Our war in Afghanistan, which started in October 2001, will soon be older than our youngest soldiers. Endless, unwinnable Middle East conflicts have left Americans frustrated and impatient. Candidate Trump vowed to keep us out of these wars but has not withdrawn U.S. forces. Indeed, if we’re going to have a showdown with Iran, we’ll need more.

Trump has stumbled into Washington’s inability to define what kind of a world we face. I face it too, in the upcoming eleventh edition of my intro international relations textbook. I begin “IR: The New World of International Relations” with a review of past “world systems” and ask what is the current system, which is now dangerously unclear and shifting.

Yes, it’s a theoretical question, but it’s practical theory. Mistaking one system for another can produce catastrophes. The game we play in one system becomes unplayable in the next, as if an American football team had to play soccer. No one has accurately defined the current messy system.

Richard Haass’s term “disarray” fits, but he, advocating the U.S. play global “sheriff,” marched with the neo-cons into Iraq. Cold Warriors are uncomfortable with disorder and demand a cure for it. Disarray, however, may be the new normal, something we have to learn to cope with.

Prevailing wisdom that the Cold War bipolar system fragmented into a multipolar system is so general as to be worthless for much strategic planning. Yes, the U.S., Europe, Russia, China and Japan are sort of economic “poles,” but they are wildly unequal in terms of power, especially military power. Multipolarity also suggests that, unlike bipolarity, any one pole will have great difficulty leading others. President Trump seems intent on proving this.

In 1993, Harvard’s Samuel Huntington saw the new global system as a “clash of civilizations” in which several main cultural areas, based on their founding religions, emerged after the Cold War to variously get along and fight with each other. Biggest problem, he argued, was Islam. “Islam has bloody borders,” he wrote, later adding, “and bloody innards too.”

Although controversial, Huntington explains the current wave of terrorism — 9/11, Afghanistan, Iraq, Boko Haram and ISIS. Trump’s campaign claim that “Islam hates us” echoes this theme. Huntington’s problem is that all these civilizational areas are internally fragmented and lack solidarity. Trump is best buddies with Saudi Arabia but scorns Europe.

Globalization, which until recently some celebrated as the reigning system, may be starting to dissolve. It sees global corporations and markets marching us to prosperity. Capital flows to wherever it produces the best returns. This win-win game is supposed to promote liberal democracy and peace. High tech binds the world together, argued its prophet, New York Times columnist Thomas Friedman.

But after a few years of global growth, it becomes apparent that not all countries play fair; some become export maniacs, practicing neo-mercantilism and accumulating foreign reserves to no good end. Inequality explodes. Populists lash out against globalism and are willing to scuttle multilateral trade pacts, such as NAFTA, the TPP and even the WTO.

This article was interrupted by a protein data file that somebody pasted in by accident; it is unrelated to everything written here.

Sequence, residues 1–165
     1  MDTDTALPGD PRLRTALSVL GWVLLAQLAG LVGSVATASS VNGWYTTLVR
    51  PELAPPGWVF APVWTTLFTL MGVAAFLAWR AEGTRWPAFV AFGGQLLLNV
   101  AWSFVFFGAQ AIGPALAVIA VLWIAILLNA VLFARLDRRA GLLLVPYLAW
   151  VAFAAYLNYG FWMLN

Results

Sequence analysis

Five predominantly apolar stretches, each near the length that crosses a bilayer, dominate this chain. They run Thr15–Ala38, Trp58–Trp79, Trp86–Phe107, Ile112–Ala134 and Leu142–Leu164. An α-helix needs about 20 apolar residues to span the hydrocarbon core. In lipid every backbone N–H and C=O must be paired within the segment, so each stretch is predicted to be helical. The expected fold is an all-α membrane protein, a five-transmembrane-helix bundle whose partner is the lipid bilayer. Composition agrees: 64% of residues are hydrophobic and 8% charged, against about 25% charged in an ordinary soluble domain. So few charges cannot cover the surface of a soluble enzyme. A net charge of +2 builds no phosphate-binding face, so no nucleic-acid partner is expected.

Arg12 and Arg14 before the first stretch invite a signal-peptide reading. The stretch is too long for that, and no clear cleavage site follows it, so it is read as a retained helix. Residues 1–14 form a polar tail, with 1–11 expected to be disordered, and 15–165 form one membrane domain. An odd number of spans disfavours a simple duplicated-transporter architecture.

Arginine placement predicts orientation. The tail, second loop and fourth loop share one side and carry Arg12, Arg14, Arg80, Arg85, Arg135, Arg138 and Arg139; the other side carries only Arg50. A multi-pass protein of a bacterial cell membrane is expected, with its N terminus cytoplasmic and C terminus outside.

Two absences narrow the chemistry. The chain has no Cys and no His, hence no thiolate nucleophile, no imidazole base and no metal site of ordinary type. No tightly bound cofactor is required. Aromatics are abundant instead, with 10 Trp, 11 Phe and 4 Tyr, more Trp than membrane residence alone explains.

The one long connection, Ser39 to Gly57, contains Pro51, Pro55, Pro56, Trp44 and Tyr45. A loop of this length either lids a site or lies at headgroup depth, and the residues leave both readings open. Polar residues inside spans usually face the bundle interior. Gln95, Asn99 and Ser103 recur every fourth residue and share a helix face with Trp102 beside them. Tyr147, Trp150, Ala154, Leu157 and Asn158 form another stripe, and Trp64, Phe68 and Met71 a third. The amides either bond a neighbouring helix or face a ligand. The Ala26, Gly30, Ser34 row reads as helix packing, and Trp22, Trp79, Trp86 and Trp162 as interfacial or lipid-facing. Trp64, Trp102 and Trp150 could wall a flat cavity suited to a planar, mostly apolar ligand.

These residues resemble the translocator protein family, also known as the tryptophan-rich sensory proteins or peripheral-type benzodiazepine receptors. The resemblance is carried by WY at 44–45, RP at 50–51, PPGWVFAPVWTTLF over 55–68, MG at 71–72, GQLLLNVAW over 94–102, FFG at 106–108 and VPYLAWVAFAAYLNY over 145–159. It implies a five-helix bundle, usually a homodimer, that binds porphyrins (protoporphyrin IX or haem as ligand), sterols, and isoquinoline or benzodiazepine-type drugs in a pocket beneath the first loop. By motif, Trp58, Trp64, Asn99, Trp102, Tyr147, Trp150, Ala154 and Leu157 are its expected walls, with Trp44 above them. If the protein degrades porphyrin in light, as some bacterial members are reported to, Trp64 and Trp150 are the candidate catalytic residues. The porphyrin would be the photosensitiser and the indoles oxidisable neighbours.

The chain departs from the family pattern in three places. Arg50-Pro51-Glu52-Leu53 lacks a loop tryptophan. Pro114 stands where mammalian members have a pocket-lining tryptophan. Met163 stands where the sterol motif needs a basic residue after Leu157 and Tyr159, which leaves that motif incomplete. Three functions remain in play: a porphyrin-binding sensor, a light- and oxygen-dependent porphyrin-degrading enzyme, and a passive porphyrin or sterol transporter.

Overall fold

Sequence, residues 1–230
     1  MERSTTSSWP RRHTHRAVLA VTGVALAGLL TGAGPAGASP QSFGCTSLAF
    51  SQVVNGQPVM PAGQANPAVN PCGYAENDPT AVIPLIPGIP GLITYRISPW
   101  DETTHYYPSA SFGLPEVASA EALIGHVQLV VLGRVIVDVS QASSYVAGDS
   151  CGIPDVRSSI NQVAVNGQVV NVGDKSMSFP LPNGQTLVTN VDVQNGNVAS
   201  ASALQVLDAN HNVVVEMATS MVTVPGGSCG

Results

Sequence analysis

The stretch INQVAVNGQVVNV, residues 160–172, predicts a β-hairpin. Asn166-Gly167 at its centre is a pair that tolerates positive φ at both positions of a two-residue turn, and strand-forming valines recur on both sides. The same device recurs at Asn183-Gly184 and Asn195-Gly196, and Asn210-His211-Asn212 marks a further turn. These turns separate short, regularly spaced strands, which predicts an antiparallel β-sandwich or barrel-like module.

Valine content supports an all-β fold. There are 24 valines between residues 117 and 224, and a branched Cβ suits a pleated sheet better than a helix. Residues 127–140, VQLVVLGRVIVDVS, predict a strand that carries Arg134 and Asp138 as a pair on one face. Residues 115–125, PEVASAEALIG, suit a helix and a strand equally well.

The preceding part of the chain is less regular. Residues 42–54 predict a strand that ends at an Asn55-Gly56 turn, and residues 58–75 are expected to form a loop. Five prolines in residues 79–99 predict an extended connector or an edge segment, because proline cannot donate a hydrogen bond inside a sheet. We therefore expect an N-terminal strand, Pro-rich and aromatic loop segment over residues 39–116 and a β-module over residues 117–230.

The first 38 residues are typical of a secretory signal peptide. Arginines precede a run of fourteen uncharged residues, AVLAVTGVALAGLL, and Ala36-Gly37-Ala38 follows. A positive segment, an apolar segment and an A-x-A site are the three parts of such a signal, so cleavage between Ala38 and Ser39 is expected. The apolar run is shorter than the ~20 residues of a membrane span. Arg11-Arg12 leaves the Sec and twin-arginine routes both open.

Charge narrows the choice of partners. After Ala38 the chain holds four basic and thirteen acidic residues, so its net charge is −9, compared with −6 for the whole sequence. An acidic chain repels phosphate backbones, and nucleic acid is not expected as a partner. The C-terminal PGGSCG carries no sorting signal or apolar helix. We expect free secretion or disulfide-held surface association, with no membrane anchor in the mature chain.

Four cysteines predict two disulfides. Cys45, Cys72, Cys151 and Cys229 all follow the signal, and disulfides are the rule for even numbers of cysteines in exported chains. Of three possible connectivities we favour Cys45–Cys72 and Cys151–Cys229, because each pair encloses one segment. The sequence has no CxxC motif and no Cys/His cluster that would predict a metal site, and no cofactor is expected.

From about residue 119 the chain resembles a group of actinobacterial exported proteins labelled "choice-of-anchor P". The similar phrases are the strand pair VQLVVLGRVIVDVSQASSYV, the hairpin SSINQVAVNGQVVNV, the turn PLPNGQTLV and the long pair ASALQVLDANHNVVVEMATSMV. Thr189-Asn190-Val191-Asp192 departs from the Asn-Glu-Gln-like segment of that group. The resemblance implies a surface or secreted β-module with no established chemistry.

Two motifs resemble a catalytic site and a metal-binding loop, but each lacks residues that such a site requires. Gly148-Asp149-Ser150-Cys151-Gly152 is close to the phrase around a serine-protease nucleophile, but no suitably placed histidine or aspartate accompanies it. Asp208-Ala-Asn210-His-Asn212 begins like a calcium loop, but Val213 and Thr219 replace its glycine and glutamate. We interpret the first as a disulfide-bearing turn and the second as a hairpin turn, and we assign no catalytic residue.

Globalization does not automatically lead to democracy, as China illustrates. The social media spew hate-filled messages and bomb-making instructions. Some early pioneers of social media envisioned a new, free world but now say that pursuing unlimited money through selling ads and data has perverted the entire project.

So, what kind of a world do we live in, and how do we cope with it? First, we must realize that we are no longer such a great economic power, a trend under way long before Trump accelerated it. World War II left the U.S. with the biggest economy, but growth in Europe and Asia has sharply reduced that gap.

Domestically, the U.S. has polarized into two hostile camps, making American leadership difficult to impossible. What internationalists favor as trade and security with partners, America Firsters see as giveaways to feckless freeloaders. America cannot define its national interests.

Looming across the Pacific, expansionist China’s $1-trillion Belt and Road Initiative (BRI) makes China the hub of Eurasia. But Beijing’s prideful ambition may have exceeded economic feasibility, and China is pulling back from money-losing overseas overinvestments. Some worry about a possible China-U.S. “rear-end collision” — a rising power overtakes the previously dominant power, as Germany collided with Britain around 1900.

Globally, nationalistic fragmentation and populist rage in Europe and the U.S. work against cooperation. The European Union weakens and could fall apart. Trump sees no danger in pulling out of the multilateral alliances and trading agreements that built postwar stability and prosperity. He lumps NATO together with NAFTA and could do without both.

Perhaps “power vacuum” describes the emerging global system, which resembles the interwar chaos and mistrust. Two large authoritarian powers are revisionist, aiming to tilt power in their favor. The democracies are passive while authoritarians expand into the vacuum: Ukraine, Syria, China Seas. No one stops them; no one leads.